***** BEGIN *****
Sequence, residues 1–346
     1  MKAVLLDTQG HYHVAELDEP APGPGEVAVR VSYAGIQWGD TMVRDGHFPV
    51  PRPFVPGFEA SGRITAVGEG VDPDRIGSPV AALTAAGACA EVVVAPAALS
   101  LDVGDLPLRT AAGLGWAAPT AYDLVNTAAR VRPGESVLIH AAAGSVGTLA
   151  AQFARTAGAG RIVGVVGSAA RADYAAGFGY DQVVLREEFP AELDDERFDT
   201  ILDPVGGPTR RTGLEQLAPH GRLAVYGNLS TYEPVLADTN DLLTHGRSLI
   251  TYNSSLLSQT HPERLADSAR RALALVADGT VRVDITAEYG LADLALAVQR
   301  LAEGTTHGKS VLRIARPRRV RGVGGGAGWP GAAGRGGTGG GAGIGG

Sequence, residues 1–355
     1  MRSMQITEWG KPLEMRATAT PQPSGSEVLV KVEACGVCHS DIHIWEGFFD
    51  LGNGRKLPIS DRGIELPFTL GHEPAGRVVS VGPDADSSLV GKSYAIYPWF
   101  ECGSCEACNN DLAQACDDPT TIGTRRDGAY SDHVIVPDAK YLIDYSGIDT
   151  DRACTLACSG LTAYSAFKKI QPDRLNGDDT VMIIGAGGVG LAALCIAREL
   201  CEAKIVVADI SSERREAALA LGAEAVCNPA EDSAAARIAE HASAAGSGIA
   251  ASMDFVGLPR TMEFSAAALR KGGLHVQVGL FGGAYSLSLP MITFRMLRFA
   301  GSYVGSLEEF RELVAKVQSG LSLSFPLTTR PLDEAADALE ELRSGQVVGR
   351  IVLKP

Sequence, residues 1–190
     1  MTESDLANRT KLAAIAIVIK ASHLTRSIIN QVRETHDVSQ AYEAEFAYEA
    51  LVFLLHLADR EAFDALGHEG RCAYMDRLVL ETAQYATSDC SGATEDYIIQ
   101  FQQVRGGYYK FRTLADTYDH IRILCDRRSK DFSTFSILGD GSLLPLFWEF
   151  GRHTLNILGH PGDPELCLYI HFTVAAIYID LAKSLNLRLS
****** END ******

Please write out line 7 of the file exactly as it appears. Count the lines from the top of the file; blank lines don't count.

   251  TYNSSLLSQT HPERLADSAR RALALVADGT VRVDITAEYG LADLALAVQR